Welcome to another instalment of The Wind Up. In this issue, I take a look at a very cool perpetual calendar, a fantastic piece from one of my favourite accessible brands Frederique Constant, as well as some other watches from around the world. So as always, sit back, relax and unwind with The Wind Up!
Bremont DH-88 Chronometer
Brand new from Bremont is their celebratory piece that pays homage to the famed Havilland DH-88 Comet, an aircraft that won the race from England to Australia in 1934. A feat that, at the time, was record-breaking and downright phenomenal. With styling that really pays tribute to the dirty ‘30s, the watch is a play on colourful aesthetics and functional dial design. It has similarities with that of a cockpit cluster, and when you look at it from afar the contrast between the panda-design sub-dials, the matte black dial, and the stainless steel or 18k rose gold case looks wonderful. The 43mm case though won’t be for everyone, but in the sense of functional execution, I think it’s spot on. Powered by the BE-54AE automatic caliber containing 25 jewels, the watch is sure to entertain for about 42-hours. As I mentioned, the DH-88 is available in either stainless steel or 18k rose gold case, of which I would likely choose the steel version. It’s a brilliant little piece of machinery that combines the best of both worlds: vintage styling with modern mechanics.
Breitling Avenger II Seawolf Blacksteel
Now if you’re an avid reader of the Wind Up articles, then you’ll realise that I have been writing a lot about Breitling. But, if you follow me on Instagram (@haulogerie), you’ll also notice that I rarely, if ever, post anything related to Breitling. My personal thoughts on them are in the domain of: yes, they’re interesting; but no, I wouldn’t purchase one. That’s not to say they’re crappy watches, they’re not. But they’re not something that I would consider an option for me personally. But these articles are for you, and that’s why I enjoy covering Breitling and giving you my honest opinion about them. Just because I see them in a certain light, doesn’t mean that you should. So anyway, here is the Avenger II Seawolf Blacksteel, one hard-looking motherf$%&er that is begging you to take it on an adventure. From the bright Cobra yellow dial, to the darkness of the Blacksteel case, expect this beast to follow you to the depths of hell and back. And by hell, I mean the deepest oceans. And by deep, I mean 3000m deep. Yep, deep as hell. From an aesthetic standpoint, the Avenger II is polarizing yet I can see its appeal. Its massive without being overtly “in-your-face”, and while it lacks any really “zing”, it will certainly catch the attention of anyone stupid enough to stand in its way. Add to that a COSC certified Breitling Caliber 17 that will function no matter what torment you put it through, this tank will be reliable and indeed inspiring.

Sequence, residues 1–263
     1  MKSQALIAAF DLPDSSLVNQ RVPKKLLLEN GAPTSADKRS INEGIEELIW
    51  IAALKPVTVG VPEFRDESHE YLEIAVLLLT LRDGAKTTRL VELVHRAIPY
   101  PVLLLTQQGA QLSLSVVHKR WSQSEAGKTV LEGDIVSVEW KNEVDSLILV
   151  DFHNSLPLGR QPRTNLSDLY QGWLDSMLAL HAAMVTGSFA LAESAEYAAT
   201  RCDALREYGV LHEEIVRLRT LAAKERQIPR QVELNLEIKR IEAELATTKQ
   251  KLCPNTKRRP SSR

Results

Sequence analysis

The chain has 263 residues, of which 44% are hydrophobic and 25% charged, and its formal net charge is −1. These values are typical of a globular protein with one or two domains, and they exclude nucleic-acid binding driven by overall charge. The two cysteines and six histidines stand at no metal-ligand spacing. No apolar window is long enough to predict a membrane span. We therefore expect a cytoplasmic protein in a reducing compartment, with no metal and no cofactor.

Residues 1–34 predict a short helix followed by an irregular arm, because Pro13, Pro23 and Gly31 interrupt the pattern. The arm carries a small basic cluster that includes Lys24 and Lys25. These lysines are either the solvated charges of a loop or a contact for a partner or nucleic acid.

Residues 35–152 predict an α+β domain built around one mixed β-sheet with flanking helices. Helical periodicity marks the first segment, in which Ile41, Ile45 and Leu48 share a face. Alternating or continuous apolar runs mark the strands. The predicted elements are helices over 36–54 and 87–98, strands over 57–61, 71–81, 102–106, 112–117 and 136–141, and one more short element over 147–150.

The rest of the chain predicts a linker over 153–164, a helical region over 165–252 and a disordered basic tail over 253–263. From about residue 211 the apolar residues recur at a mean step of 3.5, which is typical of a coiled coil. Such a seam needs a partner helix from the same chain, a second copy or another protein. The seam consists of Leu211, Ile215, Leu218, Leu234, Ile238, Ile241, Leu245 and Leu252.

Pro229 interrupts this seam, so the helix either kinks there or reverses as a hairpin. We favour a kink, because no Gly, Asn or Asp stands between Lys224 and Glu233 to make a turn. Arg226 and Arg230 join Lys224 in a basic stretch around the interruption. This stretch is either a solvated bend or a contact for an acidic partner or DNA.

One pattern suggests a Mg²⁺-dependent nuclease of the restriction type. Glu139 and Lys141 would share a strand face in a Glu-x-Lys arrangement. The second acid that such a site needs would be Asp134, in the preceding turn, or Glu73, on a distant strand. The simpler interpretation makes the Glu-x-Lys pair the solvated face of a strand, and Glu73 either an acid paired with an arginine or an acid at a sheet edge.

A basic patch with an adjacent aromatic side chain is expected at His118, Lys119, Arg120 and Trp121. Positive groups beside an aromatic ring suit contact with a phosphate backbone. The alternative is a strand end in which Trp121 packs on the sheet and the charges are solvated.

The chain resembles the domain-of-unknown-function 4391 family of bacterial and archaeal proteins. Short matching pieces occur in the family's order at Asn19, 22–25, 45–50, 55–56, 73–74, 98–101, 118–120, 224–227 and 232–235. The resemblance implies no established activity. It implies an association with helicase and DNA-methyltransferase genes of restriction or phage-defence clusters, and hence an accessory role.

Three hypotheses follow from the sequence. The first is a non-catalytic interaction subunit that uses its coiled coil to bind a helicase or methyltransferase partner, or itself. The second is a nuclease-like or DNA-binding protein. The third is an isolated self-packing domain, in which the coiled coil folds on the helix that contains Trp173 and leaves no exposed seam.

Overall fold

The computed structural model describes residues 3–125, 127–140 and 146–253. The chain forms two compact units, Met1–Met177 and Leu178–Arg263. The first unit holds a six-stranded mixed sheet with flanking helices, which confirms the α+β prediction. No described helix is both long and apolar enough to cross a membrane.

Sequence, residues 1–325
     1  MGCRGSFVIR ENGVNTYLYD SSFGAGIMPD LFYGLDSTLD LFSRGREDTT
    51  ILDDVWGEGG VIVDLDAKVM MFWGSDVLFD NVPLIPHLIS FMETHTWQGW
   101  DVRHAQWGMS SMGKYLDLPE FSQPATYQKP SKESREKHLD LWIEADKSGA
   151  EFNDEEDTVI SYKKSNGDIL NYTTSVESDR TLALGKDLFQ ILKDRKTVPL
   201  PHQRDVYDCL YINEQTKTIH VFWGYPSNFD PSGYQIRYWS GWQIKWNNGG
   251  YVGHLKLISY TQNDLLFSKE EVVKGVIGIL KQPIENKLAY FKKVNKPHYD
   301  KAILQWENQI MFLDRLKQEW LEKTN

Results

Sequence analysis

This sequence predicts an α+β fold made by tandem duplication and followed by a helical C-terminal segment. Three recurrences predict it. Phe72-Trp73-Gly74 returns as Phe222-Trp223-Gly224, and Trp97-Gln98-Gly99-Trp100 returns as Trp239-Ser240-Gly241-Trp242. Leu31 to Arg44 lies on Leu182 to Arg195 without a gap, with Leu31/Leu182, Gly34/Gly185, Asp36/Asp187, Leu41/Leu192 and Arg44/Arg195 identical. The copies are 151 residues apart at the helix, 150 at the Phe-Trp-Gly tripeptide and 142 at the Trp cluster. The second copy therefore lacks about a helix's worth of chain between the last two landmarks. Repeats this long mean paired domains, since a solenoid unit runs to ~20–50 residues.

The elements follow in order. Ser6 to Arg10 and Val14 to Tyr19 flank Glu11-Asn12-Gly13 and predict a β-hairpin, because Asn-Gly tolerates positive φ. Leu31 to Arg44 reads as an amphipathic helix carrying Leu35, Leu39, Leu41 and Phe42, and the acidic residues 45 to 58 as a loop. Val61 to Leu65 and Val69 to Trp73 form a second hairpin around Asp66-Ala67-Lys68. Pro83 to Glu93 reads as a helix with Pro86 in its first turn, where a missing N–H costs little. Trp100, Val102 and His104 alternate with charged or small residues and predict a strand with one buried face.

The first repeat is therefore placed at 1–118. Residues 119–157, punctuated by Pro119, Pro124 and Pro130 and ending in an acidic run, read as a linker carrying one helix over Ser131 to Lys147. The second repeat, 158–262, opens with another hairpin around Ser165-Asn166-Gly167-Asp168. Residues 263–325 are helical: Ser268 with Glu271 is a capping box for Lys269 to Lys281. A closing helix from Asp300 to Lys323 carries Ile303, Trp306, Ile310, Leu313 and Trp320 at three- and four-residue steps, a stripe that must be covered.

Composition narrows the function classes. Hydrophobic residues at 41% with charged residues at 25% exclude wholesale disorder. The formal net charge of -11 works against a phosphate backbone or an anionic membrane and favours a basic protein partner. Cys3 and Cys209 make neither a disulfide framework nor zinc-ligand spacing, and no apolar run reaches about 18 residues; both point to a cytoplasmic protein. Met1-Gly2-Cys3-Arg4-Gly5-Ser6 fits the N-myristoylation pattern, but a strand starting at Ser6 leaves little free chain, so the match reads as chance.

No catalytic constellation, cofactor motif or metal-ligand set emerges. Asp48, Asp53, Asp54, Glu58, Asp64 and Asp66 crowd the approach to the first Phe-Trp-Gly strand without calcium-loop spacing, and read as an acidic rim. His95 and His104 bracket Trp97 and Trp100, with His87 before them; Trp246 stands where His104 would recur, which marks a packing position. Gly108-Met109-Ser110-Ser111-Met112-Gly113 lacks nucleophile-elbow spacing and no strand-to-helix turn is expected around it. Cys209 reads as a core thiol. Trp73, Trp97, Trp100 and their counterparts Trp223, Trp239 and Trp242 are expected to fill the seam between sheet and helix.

Frédérique Constant Runabout Limited Edition
New from one of my favourite “affordable” brands, Frédérique Constant has released the very beautiful Runabout Limited Edition, available in either stainless steel or rose-gold plated stainless steel. Invariably, I’d opt towards the stainless steel option. I feel that the SS carries with it more opportunity to be worn, while the rose-gold variant lacks that wearability (it’s a word now, dammit!) factor that unfortunately is all too common with many rose gold watches. Both, however, feature similar dial textures and the same dial layout, bar the differences in dial colours. The stainless steel has an off-white dial, while the rose-gold uses a chocolatey-brown. As I said, it’s a solid all-rounder, and if you add a NATO strap to the stainless steel Runabout, then you really have a completely different watch in your collection. I love pieces like these where a simple strap change can alter the entire purpose of the piece, more often than not for the better too. Adding the date window at 6 o’clock further emphasizes its functionality, and for that I applaud FC. Each piece is powered by the solidly reliable ETA 2824 which has been slightly modified by FC (to now be called the FC-303). Priced well under $5,000AUD, it’s a solid and inexpensive way to buy into the “limited edition” phenomena that seems to be gripping the horological community.
Ochs Und Junior Perpetual Calendar